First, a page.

Tuesday, September 13, 2005

Organization for Cooperation and Development Study: U.S. Losing Ground in Education

(Courtesy of Melissa Purdue)

Study: U.S. losing ground in education
BEN FELLER, Associated Press
Published in the Lexington Herald Leader

WASHINGTON - The United States is losing ground in education, as peers across the globe zoom by with bigger gains in student achievement and school graduations, a study shows.

Among adults age 25 to 34, the U.S. is ninth among industrialized nations in the share of its population that has at least a high school degree. In the same age group, the United States ranks seventh, with Belgium, in the share of people who hold a college degree.

By both measures, the United States was first in the world as recently as 20 years ago, said Barry McGaw, director of education for the Paris-based Organization for Cooperation and Development. The 30-nation organization develops the yearly rankings as a way for countries to evaluate their education systems and determine whether to change their policies.

McGaw said that the United States remains atop the "knowledge economy," one that uses information to produce economic benefits. But, he said, "education's contribution to that economy is weakening, and you ought to be worrying."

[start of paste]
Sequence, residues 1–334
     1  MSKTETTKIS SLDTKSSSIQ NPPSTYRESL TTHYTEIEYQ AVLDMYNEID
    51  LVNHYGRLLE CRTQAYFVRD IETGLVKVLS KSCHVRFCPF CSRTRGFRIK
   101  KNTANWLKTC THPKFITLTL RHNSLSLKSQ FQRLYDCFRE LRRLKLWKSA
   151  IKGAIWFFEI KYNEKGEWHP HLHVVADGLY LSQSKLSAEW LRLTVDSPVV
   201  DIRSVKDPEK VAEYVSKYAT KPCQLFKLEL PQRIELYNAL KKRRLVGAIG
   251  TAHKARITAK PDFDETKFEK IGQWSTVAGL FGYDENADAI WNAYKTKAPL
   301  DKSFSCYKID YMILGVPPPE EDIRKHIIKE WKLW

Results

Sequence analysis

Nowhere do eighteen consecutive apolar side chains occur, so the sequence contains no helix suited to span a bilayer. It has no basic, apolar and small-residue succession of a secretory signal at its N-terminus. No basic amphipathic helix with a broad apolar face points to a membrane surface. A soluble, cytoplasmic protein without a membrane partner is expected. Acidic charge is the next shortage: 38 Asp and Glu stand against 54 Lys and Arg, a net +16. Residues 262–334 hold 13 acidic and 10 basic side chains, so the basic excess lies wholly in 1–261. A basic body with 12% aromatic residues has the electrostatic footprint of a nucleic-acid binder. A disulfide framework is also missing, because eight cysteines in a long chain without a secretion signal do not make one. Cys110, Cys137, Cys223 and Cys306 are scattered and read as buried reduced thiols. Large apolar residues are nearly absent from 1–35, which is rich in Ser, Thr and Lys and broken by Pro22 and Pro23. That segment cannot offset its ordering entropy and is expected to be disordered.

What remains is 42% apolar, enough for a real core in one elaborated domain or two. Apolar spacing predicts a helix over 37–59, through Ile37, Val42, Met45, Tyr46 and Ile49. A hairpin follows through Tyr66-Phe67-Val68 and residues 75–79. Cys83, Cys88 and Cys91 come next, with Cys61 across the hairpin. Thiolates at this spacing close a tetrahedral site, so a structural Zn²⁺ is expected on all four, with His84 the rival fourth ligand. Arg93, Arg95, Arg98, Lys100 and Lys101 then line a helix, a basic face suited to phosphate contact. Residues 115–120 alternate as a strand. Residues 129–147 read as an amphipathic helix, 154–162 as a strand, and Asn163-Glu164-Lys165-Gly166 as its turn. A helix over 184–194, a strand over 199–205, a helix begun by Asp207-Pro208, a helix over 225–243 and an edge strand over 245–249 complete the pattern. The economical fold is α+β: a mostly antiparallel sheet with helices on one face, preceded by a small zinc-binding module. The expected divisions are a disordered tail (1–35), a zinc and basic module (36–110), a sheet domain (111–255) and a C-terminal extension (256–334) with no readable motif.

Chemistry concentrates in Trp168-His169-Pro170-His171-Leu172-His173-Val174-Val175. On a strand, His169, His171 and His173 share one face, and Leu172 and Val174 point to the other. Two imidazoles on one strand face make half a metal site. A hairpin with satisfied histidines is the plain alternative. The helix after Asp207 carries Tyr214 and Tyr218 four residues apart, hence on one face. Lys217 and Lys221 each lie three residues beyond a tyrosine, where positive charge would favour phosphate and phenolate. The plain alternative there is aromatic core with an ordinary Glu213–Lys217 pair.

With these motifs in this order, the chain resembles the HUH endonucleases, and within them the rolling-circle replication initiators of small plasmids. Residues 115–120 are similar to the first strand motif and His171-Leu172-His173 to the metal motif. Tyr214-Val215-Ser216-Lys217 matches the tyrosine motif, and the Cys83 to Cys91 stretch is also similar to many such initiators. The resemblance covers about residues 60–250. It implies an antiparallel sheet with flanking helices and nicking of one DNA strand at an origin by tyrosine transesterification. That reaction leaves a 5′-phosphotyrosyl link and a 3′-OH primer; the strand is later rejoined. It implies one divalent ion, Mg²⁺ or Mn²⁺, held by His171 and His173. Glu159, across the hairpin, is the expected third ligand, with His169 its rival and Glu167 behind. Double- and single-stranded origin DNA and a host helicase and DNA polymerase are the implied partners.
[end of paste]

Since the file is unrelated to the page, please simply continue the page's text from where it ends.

The report bases its conclusions about achievement mainly on international test scores released last December. They show that compared with their peers in Europe, Asia and elsewhere, 15-year-olds in the United States are below average in applying math skills to real-life tasks.

Top performers included Finland, Korea, the Netherlands, Japan, Canada and Belgium.

A separate international review last year showed U.S. eighth-graders gaining on their peers across the globe in science and math. At the same time, though, fourth-graders here are falling behind others passed as their test scores remain stagnant, that study found.

McGaw said other measures of achievement - including how U.S. students do on this country's federal math and reading test - are fair to consider in rating performance.

Given what the United States spends on education, its relatively low student achievement through high school shows its school system is "clearly inefficient," McGaw said.

In all levels of education, the United States spends $11,152 per student. That's the second highest amount, behind the $11,334 spent by Switzerland.

"The very best schools in the U.S. are extraordinary," McGaw said. "But the big concern in the U.S. is the diversity of quality of institutions - and the fact that expectations haven't been set high enough."

The Bush administration says the 2002 federal law known as the No Child Left Behind Act is fueling higher achievement among all students - particularly poor and minority kids - by holding schools accountable for progress. But the international data, mostly gathered in 2003, are not recent enough to confirm that the law is producing results, McGaw said.

Higher education in the United States remains strong, and the nation continues to hold an advantage in innovation based on research conducted at universities, he said.

The report also underscores that women continue to get paid less than men.